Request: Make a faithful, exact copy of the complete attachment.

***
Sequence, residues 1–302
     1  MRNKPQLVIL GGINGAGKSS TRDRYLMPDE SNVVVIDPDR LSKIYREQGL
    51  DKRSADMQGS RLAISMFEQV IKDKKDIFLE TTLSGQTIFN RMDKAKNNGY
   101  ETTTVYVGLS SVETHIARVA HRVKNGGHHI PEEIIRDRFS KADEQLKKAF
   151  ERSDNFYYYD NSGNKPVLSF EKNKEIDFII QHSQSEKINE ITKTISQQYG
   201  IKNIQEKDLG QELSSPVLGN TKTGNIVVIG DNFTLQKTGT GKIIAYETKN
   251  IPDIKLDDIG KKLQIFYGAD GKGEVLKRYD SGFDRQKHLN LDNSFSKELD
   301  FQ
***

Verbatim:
Sequence, residues 1–302
     1  MRNKPQLVIL GGINGAGKSS TRDRYLMPDE SNVVVIDPDR LSKIYREQGL
    51  DKRSADMQGS RLAISMFEQV IKDKKDIFLE TTLSGQTIFN RMDKAKNNGY
   101  ETTTVYVGLS SVETHIARVA HRVKNGGHHI PEEIIRDRFS KADEQLKKAF
   151  ERSDNFYYYD NSGNKPVLSF EKNKEIDFII QHSQSEKINE ITKTISQQYG
   201  IKNIQEKDLG QELSSPVLGN TKTGNIVVIG DNFTLQKTGT GKIIAYETKN
   251  IPDIKLDDIG KKLQIFYGAD GKGEVLKRYD SGFDRQKHLN LDNSFSKELD
   301  FQ